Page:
Homelessness and Hunger: The Connection Isn’t What You Think

hunger and impending homelessness

Hunger Is a Warning Sign of Pending Homelessness

A quick Google image search of the term “homeless” is likely to conjure up plenty of photos of soup kitchen employees ladling sustenance into stranger’s bowls and individuals on roadsides with cardboard signs denoting extreme hunger. Catchphrases like “homeless and hungry” or “will work for food” are seen as synonymous with the homeless crisis. Consider outreach and housing advocacy. How much of this is centered around giving people meals?

We’ve broached this subject in the past, explaining the harm that can be caused by assuming that all homeless people need is a plate of food. It is as if dishes and sandwiches could somehow serve as replacements for a safe and stable place to live. Of course, they can’t. That notion is ridiculous. However, there is a relationship between homelessness and hunger, a connection that cannot and should not be ignored.

The problem is that we’re addressing hunger after a person becomes homeless when the wise approach would be to recognize that hunger first as a warning sign, a foreshadowing of darker moments to come.

First Hunger, Then Homelessness, Not the Other Way Around

We have been conditioned to think of hunger as an aftereffect of homelessness. We perceive hunger as a consequence or a result of the vagrant lifestyle. However, it is more accurate to note that hunger is a symptom of pending homelessness that often sets in long before someone becomes unhoused.

“Hunger is a symptom of poverty. It’s first going to be felt before homelessness, which is the worst-case scenario once people resort to skipping meals,” explained Sherrie Tussler, who serves as CEO of Hunger Task Force. This nonprofit food bank supplies 20 soup kitchens and homeless shelters in the Milwaukee area.

“As you lose your income, the first thing you’re going to do is start skipping meals. Because you’re going to try to keep that roof over your head, and you’re going to pay your utility bills,” Sherrie said. “And if you’re on medication, you’ll try to afford it. And so, as things start to slip away, you pay fewer and fewer bills. You might get into arrears around your utilities. You might have to rely on family or friends or a food pantry for your food just so you can keep that roof over your head.”

A Jaw-Dropping 39% of Americans Admit to Skipping Meals So They Can Pay the Rent

According to Yahoo! Finance, many Americans – 39% of the population, to be precise – admit to going hungry to make rent.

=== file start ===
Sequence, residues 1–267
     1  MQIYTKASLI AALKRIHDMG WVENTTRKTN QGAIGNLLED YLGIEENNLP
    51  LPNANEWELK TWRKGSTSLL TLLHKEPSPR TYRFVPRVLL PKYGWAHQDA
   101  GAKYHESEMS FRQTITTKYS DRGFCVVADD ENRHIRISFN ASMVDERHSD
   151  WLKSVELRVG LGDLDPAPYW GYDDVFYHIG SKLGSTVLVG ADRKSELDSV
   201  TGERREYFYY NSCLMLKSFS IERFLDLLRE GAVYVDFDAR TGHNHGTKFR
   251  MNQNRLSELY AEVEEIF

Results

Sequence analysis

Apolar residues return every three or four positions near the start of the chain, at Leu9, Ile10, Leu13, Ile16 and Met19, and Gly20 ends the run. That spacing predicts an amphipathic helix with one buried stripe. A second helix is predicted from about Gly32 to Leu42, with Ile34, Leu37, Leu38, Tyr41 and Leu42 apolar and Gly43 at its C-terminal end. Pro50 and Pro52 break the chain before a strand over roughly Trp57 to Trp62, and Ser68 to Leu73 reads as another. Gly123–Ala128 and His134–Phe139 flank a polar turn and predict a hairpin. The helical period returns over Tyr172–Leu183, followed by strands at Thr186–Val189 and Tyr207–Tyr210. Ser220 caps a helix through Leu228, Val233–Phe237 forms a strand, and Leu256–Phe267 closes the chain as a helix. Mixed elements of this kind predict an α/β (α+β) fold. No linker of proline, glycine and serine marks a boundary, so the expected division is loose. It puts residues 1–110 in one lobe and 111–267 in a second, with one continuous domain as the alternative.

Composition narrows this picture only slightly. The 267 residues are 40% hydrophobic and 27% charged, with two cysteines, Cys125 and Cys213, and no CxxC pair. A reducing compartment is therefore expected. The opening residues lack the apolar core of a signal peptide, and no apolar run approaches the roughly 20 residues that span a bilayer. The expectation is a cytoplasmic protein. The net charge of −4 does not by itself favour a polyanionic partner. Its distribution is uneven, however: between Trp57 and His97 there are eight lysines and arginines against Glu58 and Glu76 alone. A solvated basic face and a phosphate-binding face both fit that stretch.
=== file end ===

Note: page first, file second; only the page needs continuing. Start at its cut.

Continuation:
Suppose we hold food insecurity as a symptom of possible future homelessness. In that case, we see that the United States, with a population of roughly 333 million residents, has more than 100 million people in danger of becoming homeless. This should be food for thought for politicians.

In a riveting clip published by National Geographic, Christina Dreier, a wife and mother of toddlers, described the financial woes of being a farmer in America’s heartland. Despite dire efforts to remain afloat, the money going out for bills simply overshadows the amount of money coming in. This vicious cycle left her and her family dependent on food stamps and the local pantry.

“It’s never enough to buy groceries and pay for bills, so we always have to subsidize. Either we pay our bills or…” her voice trembled as she continued. “If we pay our bills, we don’t eat so good.”

Hunger Often Precedes Homelessness, While Food Might be More Plentiful on the Streets

As surprising as it sounds, the person or family teetering on the brink of homelessness is more likely to need food than someone who is already unhoused.

According to researchers Barrett A Lee and Meredith J Greif, who published an investigative piece entitled “Homelessness and Hunger,” findings suggest “hunger is not uniformly experienced by members of the homeless population.”

Indeed, hunger happens when families desperately try to cut corners and avoid homelessness by keeping a roof over their heads at any price, even if it costs them dinner from time to time. Understanding this correlation is vital to solving the homeless crisis.

Food Insecurity is on the Rise, and So Is American Homelessness

As food insecurity sweeps our nation, eclipsing the needs of more than 16.7 million households, choosing between food and other necessities is becoming even more common. Experts at the U.S. Department of Agriculture say food insecurity is up a staggering 23% in the past three years alone.

Some of the factors feeding into the crisis include:

  • Unprecedented rates of inflation
  • The loss of many pandemic-era programs, such as the Child Tax Credit, which was aimed at preventing hunger
  • Unemployment
  • Low or stagnant wages

And last but certainly not least, one of the leading causes of hunger in America is:

  • The lack of affordable housing

Basic American Needs Are Falling by the Wayside Due to a Lack of Affordable Housing. Talk to Your Representatives.

Like so many issues surrounding the homeless crisis, hunger, a predictor of homelessness, is heavily connected to the current lack of affordable housing.

As you can see, the issue is circular. Housing is unaffordable, so people go hungry to pay their bills. That hunger puts them at an elevated risk of homelessness. Before they become homeless, the thing they really need is a meal. Once they are homeless, the thing they really need is a house.

For some reason, we keep trying to solve this by working the other way around. How long should we stand here starving for answers? Talk to your representatives about building more affordable homes and making housing a human right.


Cynthia Griffith

Cynthia Griffith

     

Cynthia Griffith is a freelance writer dedicated to social justice and environmental issues.

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